Context managers allow us to sandwich some code in an entrance step and an exit step.
Context managers are objects that can be used in Python's
You'll often see
with statements used when working with files in Python.
This code opens a file, uses the
f variable to point to the file object, reads from the file, and then closes the file:
>>> with open("my_file.txt") as f: ... contents = f.read() ...
Notice that we didn't explicitly tell Python to close our file.
But the file did close:
>>> f.closed True
The file closed automatically when the
with block was exited.
Any object that can be given to a
with statement in Python is a context manager.
Context managers define an entrance step and an exit step which are run automatically when the
with block is entered and exited.
File objects are one type of context manager in Python, and their exit step will automatically close the file.
Another context manager in Python is
contextlib.chdir, which was added in Python 3.11.
This context manager temporarily changes the current working directory.
>>> from contextlib import chdir
Our directory right now is
>>> from pathlib import Path >>> print("Directory:", Path.cwd()) Directory: /home/trey
But when we run this block of code, Python will temporarily change our directory to
>>> with chdir("/"): ... print("Directory:", Path.cwd()) ... Directory: /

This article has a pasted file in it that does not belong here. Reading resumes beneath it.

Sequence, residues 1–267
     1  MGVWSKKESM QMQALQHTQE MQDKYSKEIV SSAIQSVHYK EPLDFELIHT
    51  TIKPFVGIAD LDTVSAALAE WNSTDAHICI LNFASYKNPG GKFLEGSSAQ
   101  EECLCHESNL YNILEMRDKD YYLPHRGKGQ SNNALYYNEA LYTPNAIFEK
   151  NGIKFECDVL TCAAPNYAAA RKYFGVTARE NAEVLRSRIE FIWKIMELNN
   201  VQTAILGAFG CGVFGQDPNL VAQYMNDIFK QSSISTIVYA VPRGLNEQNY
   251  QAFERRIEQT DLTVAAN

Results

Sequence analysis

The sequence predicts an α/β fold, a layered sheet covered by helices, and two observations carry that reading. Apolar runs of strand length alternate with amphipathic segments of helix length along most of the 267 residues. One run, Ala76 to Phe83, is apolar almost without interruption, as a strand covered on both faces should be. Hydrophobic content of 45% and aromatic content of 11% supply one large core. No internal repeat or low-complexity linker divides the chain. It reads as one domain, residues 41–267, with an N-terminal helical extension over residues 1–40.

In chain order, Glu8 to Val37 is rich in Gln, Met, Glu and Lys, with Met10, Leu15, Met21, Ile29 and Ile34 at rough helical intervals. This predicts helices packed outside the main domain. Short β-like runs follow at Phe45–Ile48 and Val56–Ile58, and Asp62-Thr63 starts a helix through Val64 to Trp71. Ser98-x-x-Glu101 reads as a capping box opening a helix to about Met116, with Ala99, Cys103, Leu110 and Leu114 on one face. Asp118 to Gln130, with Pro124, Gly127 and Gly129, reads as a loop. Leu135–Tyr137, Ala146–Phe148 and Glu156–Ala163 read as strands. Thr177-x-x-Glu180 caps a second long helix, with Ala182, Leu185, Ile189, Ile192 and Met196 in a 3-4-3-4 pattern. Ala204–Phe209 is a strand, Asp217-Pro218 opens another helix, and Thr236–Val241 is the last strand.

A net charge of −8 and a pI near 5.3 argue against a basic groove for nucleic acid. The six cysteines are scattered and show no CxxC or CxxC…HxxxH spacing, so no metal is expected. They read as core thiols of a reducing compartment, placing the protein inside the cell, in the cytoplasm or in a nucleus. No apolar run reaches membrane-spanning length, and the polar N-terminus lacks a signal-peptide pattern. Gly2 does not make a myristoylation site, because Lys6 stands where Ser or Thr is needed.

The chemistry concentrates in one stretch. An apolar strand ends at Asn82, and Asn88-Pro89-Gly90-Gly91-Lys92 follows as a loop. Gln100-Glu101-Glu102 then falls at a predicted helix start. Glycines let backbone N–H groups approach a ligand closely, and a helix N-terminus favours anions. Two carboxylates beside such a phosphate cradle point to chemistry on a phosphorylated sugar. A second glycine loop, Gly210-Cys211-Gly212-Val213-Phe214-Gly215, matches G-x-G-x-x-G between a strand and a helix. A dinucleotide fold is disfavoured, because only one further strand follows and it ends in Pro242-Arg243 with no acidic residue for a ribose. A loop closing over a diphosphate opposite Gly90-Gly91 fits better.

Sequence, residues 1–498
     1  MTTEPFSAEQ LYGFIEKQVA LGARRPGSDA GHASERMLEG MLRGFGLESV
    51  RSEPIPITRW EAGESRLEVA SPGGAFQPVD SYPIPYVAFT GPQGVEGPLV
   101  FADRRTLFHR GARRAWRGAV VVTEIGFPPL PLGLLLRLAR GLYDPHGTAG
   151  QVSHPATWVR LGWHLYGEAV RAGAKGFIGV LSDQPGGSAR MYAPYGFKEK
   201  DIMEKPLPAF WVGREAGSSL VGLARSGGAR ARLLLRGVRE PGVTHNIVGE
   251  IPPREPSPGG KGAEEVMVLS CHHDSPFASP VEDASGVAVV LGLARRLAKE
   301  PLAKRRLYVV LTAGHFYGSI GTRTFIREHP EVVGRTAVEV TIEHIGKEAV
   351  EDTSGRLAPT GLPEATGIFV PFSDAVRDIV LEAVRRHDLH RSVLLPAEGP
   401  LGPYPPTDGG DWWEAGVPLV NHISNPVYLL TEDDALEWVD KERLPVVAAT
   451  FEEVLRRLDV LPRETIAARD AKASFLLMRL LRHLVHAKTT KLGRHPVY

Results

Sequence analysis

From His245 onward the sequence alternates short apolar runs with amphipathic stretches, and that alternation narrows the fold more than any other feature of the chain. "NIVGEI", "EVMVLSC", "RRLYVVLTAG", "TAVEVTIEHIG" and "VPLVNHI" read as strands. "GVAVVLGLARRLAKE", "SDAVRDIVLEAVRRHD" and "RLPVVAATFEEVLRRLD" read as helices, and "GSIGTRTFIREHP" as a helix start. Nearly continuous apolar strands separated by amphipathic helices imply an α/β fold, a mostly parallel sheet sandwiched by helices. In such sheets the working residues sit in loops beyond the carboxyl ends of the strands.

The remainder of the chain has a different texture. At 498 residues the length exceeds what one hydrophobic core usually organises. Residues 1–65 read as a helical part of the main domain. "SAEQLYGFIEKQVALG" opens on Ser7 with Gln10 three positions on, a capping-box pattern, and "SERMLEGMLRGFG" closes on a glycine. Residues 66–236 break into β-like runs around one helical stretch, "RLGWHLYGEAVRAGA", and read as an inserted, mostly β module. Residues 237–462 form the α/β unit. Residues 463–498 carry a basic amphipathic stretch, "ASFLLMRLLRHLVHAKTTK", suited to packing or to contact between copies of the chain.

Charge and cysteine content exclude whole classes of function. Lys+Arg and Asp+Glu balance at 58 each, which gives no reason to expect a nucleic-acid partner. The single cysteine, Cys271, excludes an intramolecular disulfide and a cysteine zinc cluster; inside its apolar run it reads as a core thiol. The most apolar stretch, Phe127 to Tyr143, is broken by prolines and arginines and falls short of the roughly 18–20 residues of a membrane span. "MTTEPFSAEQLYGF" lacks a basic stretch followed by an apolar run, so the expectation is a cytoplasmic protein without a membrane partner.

But when the
with block exited, the
chdir context manager made sure to change our directory back to what it was before:
>>> print("Directory:", Path.cwd()) Directory: /home/trey
At first glance it might seem like a context manager really just combines two actions into one: they perform an entrance action, run our block of code, and then perform an exit action.
from pathlib import Path import os directory = "/" # Enter old_directory = os.getcwd() os.chdir(directory) # Our code in the "with" block print("Directory:", Path.cwd()) # Exit os.chdir(old_directory)
But context managers do a little bit more than that.
Context managers do sandwich our block of code between two steps, but they also ensure that the exit step is performed regardless of whether an exception occurred.
You can think of a context manager as equivalent to a
finally block which ensures that even if an exception occurs in our sandwich block of code, the exit step is always run:
from pathlib import Path import os directory = "/" # Enter old_directory = os.getcwd() os.chdir(directory) try: # Our code in the "with" block print("Directory:", Path.cwd()) finally: # Exit os.chdir(old_directory)
When you use a file object as a context manager in Python (i.e. when you use it in a
with block with a file):
>>> with open("hello.txt", mode="wt") as my_file: ... my_file.write("Hi!\n") ...
You're running code that's pretty much equivalent to this:
>>> my_file = open("hello.txt", mode="wt") >>> try: ... my_file.write("Hi!\n") ... finally: ... my_file.close() ... 4
Files ensure that they always close themselves when their
with block exits, regardless of whether an exception occurred within the
withblock requires a context manager
Anything that you can use a
for loop to loop over in Python is an iterable.
Likewise, anything that you can use in a
with block in Python is a context manager.
File objects are the most common context manager in Python, but they're not the only one. There are other context managers floating around in the Python Standard Library and in third-party libraries.
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